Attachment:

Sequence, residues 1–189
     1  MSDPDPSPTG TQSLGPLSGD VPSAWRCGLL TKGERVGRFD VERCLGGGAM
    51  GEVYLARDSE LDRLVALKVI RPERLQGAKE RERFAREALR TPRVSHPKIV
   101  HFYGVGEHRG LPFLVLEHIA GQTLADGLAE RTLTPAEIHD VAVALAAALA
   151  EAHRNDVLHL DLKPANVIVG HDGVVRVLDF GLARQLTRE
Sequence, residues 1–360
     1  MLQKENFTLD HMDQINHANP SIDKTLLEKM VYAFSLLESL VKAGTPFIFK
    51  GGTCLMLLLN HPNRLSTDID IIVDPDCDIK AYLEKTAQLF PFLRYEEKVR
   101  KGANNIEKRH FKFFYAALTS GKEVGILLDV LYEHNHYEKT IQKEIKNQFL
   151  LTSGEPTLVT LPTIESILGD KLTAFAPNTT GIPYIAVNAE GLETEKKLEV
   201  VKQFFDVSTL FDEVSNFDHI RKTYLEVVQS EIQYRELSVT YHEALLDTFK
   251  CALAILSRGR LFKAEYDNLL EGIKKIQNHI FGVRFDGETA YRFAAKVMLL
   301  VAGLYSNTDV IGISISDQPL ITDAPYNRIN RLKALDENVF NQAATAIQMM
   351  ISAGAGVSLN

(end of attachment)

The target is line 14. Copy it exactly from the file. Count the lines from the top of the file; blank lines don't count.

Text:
   351  ISAGAGVSLN